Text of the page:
Kokopelli Tattoos

There are very few Native American symbols that are as familiar to Westerners as that of the Kokopelli. This hunched, dancing prankster with wild hair is often considered cute for tourists and he has become synonymous with states like Nevada and Arizona, where the tribes that created the Kokopelli symbol originally settled.

It's no surprise that Kokpelli Tattoos are popular these days, even if their symbolism isn't quite what people think it is. The Kokopelli has come to symbolize the American southwest but he was originally a symbol of growth and fertility to the tribes that used him. He was considered a helper to humans. The Kokopelli was believed to be a rainmaker, a keeper of animals, and a creator of life in the sense that he made women more fertile so they could bear children. However, the Kokepelli is not just a form of tattoo. Originally, he was drawn on pottery and rock walls.

It's important to remember though that the Kokopelli is not just a gimmick or a tourist attraction. It's a very sacred symbol for many Native Americans who often feel like someone tattooing a Kokopelli is extremely disrespectful because often the one getting the tattoo do not truly know what the Kokopelli represents. For Native Americans, Kokepelli Tattoos represent renewal or a new start. It's sacred because Kokopelli represents life itself: not only human life, like the birth of a new baby, but all life.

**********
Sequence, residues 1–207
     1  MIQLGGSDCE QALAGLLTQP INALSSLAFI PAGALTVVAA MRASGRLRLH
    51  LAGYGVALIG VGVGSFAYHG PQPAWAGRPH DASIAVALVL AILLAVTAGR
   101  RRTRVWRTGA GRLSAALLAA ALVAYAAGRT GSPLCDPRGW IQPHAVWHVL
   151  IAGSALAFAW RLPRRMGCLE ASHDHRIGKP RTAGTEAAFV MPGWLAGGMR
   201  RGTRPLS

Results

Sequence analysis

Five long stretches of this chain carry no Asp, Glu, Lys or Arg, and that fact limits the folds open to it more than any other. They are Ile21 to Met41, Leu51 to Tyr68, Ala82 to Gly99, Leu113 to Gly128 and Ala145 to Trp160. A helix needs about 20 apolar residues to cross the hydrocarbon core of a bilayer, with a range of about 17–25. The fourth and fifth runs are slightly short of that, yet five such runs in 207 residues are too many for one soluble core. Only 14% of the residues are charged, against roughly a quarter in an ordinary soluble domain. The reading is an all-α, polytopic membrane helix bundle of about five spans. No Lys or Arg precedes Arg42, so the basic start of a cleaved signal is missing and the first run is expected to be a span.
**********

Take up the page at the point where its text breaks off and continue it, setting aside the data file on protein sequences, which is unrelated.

Kokopelli helped both humans and animals become fertile. He danced to bring rain and make sure crops grow. He was even represented as a hunter. The Kokopelli symbol is considered one of the most sacred symbols to some tribes, and they object to the Kokopelli being splashed across key chains and shirts, they also object to people getting a tattoo of him for the purpose of vanity. When getting one, the utmost respect for what it represents must be maintained.

These tattoos also come in a huge range of colors. The most common color is blue, probably in reference to the desert sky, but there is no proper color for them. Some choose to have them filled in with other colors like green or red, and some choose instead to go with straight black. The design of the Kokopelli itself changes as well! The most common tattoos depict the Kokopelli as a tall, lanky being with a few thin hairs coming from his head. However, others favor a form that is more hunched over, broader and with strands of hair that are very thick. And then there are people who simply follow the spirit of the Kokopelli when designing their tattoo - the Kokoplli is not hunched over, he throws his head back, playing with the sky. Some also have various round symbols behind them but these are rare. Still, no matter the actual form, the Kokopelli is always depicted performing the life-saving rain dance ceremony. He is always holding his instrument.

The Kokopelli is one of the most enduring symbols of the Southwest and Kokopelli Tattoos are becoming increasingly common.

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